And They Say That He Got Crazy Once

Do you remember the first time you heard "Rocky Mountain High" on the radio? I do.

I was driving up to Elk Creek in northern California with Joel, who was about two, I believe. We had friends up there who lived on a 76-acre spread and who'd invited me up just to get away. They had man-made lakes, mountain streams, riding paths, cattle, horses, peacocks, and a big front porch that faced the eastern ridge of the Sierras, where I spent my evenings with my 12-string, writing songs...

When "Rocky Mountain High" came on during the drive, I felt completely in tune with what John Denver was singing about; the scenery outside the car windows seemed to illustrate the song's lyrics. Up until then I'd never even heard of John Denver. Of course, I knew of John Deutschendorf, who'd penned "Leaving On a Jet Plane" and "Follow Me", but I didn't know he'd picked up a nom de plume. I wanted the song to go on and on. It was one of those songs that, had it been on a cassette tape, I would have hit rewind many times.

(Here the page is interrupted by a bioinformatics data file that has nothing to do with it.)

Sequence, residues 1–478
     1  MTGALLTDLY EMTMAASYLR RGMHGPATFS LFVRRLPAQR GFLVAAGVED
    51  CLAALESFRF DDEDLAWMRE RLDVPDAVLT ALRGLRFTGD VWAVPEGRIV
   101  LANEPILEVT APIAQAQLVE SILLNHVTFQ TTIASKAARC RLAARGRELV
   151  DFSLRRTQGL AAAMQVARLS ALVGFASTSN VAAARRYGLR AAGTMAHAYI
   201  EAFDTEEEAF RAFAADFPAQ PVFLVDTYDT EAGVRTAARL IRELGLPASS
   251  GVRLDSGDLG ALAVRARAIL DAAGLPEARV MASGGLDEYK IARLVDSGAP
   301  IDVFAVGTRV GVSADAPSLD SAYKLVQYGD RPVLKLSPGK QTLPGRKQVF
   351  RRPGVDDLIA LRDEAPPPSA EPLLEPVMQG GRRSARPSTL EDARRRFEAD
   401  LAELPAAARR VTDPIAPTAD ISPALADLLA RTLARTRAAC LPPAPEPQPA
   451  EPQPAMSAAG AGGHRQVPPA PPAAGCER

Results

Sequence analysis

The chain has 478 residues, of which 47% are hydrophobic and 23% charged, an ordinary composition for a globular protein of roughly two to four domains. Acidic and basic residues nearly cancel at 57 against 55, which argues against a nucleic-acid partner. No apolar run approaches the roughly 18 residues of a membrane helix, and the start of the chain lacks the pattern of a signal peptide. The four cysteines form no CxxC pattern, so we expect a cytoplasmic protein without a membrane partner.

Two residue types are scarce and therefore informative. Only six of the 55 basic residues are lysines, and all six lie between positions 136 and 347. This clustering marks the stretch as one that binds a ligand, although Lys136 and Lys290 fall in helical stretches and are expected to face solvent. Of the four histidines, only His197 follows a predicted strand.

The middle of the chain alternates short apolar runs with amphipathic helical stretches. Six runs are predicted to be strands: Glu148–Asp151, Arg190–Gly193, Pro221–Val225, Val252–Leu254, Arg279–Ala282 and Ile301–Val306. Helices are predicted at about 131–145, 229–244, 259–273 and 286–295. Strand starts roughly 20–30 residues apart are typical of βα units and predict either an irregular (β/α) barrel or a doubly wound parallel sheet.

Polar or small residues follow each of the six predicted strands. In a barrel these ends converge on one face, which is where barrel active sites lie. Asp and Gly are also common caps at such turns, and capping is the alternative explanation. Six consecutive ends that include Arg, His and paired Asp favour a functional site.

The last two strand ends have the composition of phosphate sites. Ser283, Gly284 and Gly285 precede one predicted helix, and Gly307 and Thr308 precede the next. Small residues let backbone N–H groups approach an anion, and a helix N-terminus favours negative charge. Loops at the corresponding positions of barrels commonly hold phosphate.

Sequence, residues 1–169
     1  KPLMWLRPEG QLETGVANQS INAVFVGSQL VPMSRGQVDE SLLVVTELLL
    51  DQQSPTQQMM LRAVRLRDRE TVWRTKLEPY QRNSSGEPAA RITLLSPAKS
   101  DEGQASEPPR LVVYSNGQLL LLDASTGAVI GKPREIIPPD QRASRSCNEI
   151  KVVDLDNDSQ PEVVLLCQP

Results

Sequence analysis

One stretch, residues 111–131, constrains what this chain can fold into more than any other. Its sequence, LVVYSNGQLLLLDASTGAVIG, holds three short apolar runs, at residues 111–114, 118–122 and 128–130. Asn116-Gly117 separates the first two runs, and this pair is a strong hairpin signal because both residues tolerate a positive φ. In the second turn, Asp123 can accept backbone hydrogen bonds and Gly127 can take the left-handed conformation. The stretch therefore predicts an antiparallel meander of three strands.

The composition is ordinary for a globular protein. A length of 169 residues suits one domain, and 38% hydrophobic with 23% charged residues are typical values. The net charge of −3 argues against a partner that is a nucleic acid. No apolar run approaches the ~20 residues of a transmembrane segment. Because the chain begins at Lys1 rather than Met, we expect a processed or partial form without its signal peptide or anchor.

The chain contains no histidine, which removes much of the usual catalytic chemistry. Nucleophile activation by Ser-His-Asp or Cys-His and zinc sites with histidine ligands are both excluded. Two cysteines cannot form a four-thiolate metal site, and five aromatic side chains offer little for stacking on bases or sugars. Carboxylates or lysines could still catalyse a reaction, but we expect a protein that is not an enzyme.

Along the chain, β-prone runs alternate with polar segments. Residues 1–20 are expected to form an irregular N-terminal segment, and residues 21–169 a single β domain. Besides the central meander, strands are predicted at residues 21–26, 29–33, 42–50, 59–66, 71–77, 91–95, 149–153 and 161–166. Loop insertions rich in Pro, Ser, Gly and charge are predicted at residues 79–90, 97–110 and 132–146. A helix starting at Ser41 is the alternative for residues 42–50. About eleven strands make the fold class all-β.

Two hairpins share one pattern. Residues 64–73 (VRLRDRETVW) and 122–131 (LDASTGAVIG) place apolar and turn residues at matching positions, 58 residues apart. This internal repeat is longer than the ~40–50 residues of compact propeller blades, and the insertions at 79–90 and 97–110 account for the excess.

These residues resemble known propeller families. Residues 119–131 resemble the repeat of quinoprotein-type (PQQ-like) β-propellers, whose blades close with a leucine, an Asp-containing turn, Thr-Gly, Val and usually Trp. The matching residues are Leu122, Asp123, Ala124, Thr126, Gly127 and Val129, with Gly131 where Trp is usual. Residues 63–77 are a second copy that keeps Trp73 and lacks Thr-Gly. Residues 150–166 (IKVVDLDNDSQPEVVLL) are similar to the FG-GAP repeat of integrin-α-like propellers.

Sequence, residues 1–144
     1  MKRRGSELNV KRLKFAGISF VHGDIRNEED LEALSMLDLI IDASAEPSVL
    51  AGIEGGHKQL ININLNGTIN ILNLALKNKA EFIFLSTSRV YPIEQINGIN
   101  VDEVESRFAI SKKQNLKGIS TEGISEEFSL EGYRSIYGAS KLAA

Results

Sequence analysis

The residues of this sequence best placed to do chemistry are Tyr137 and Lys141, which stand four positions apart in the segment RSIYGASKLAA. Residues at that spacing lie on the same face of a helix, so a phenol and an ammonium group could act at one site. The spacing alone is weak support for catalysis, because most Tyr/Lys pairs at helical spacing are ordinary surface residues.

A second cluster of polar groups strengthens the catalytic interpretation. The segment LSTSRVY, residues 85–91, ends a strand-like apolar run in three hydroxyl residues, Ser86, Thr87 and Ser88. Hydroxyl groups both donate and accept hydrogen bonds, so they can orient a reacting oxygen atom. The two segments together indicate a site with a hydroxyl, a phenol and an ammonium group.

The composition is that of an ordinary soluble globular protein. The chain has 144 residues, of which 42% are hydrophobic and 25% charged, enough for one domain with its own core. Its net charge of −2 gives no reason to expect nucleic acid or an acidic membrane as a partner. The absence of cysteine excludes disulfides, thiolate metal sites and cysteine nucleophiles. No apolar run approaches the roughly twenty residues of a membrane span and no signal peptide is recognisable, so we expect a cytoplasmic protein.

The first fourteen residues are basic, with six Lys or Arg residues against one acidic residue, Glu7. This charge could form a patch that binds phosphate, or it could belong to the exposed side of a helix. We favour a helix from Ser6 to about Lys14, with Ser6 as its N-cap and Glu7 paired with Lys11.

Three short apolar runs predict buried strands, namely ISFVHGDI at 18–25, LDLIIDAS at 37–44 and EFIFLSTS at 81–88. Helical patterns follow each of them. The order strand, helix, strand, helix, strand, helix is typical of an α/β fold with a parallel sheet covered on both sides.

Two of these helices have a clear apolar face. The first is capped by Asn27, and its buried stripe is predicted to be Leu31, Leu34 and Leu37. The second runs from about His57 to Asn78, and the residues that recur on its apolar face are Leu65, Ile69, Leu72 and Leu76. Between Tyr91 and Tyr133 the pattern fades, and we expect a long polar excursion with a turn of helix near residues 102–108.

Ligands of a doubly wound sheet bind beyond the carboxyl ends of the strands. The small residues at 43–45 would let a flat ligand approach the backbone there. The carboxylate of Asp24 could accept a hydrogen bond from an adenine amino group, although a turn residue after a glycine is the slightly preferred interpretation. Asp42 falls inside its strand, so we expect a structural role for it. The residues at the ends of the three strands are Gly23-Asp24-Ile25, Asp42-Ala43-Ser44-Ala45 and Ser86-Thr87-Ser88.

I was a seasoned folkie, but this was a music I'd never heard before. Not quite folk, not quite country, not quite pop. The guitars rang like bells, Denver's tenor voice as clear as a crystal mountain river, and the tight vocal harmonies made my heart constrict and ache with pleasure. Sweet Jesus, you could hear the guitar picks hitting every note of every chord. It made me dizzy.

Forget 70s pop culture, forget John Denver exuberantly exclaiming "Far out!" through his broad, toothy grin. Forget how mainstream television glommed onto him and forget the Muppets. John Denver was a master songsmith and one of our great American troubadours who never really got the respect he deserved. Perhaps it was the shiny, bright-as-a-new-penny image, or maybe it was that during a time when our country was so wounded and cynical, his optimism and joy rubbed some people the wrong way. Forget, too, the pictures in this video. It's the best I could do. Close your eyes and think on the song, not the image or the marketing. Listen to it again as if for the first time.